The character and attainments of Mr. Howard were wholly unique. He was, above everything else, a lover of the simpler, older world of barbarian and pioneer days, when courage and strength took the place of subtlety and stratagem, and when a hardy, fearless race battled and bled, and asked no quarter from heartless nature. All his stories reflect this philosophy, and derive from it a vitality found in few of his contemporaries. No one could write more convincingly of violence and gore than he, and his battle passages reveal an instinctive aptitude for military tactics which would have brought him distinction in times of war. His real gifts were even higher than the readers of his published works would suspect, and had he lived, would have helped him to make his mark in serious literature with some folk epic of his beloved southwest.Well said, Mr Lovecraft, and happy 105th birthday, Mr Howard.
It is hard to describe precisely what made Mr. Howard's stories stand out so sharply, but the real secret is that he himself is in every one of them, whether they were ostensibly commercial or not. He was greater than any profit-making policy he could adopt -- for even when he outwardly made concessions to Mammon-guided editors and commercial critics, he had an internal force and sincerity which broke through the surface and put the imprint of his personality on everything he wrote. Seldom, if ever, did he set down a lifeless stock character or situation and leave it as such. Before he concluded with it, it always took on some tinge of vitality and reality in spite of popular editorial policy -- always drew something from his own experience and knowledge of life instead of from the sterile herbarium of dessicated pulpish standbys. Not only did he excel in pictures of strife and slaughter, but he was almost alone in his ability to create real emotions and spectral fear and dread suspense. No author -- even in the humblest fields -- can truly excel unless he takes his work very seriously, and Mr. Howard did just that in cases where he consciously thought he did not. That such an artist should perish while hundreds of insincere hacks continue to concoct spurious ghosts and vampires and space-ships and occult detectives is indeed a sorry piece of cosmic irony!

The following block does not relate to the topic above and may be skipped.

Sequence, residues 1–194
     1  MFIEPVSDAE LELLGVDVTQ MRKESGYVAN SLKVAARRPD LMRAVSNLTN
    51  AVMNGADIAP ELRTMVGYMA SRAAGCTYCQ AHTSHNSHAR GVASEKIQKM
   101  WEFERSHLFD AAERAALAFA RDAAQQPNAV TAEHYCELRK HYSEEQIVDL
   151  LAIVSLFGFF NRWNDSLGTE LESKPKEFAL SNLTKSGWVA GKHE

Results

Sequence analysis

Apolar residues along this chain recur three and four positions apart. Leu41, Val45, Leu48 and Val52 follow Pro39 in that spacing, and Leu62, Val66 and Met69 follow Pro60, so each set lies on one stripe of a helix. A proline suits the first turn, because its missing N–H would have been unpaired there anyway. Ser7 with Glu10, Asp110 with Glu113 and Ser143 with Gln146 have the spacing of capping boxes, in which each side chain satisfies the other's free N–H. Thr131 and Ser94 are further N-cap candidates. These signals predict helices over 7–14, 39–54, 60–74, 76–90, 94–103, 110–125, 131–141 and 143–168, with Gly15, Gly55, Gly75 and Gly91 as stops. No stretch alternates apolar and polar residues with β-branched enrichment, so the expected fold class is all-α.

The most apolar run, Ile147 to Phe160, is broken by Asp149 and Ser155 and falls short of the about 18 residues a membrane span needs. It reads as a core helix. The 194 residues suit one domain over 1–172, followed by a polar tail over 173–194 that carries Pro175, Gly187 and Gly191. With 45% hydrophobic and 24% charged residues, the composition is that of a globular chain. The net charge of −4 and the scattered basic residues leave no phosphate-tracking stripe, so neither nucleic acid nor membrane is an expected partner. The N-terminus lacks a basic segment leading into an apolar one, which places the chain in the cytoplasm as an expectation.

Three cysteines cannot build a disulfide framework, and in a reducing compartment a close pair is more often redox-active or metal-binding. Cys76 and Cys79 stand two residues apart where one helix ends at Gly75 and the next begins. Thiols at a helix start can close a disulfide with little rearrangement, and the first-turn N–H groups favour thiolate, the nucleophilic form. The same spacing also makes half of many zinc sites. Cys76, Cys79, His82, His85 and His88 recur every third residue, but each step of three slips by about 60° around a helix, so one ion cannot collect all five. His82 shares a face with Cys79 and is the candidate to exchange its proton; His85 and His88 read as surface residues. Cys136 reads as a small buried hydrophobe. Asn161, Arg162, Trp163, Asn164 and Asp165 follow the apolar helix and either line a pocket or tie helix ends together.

Saturday, January 22, 2011
It is hard to sum up any man in but a few words, even moreso when the man in question is Robert Ervin Howard, who was born on this day in 1906. Rather than attempt to do so, I instead offer up this excerpt from H.P. Lovecraft's tribute to him, published in the September 1936 issue of Fantasy Magazine: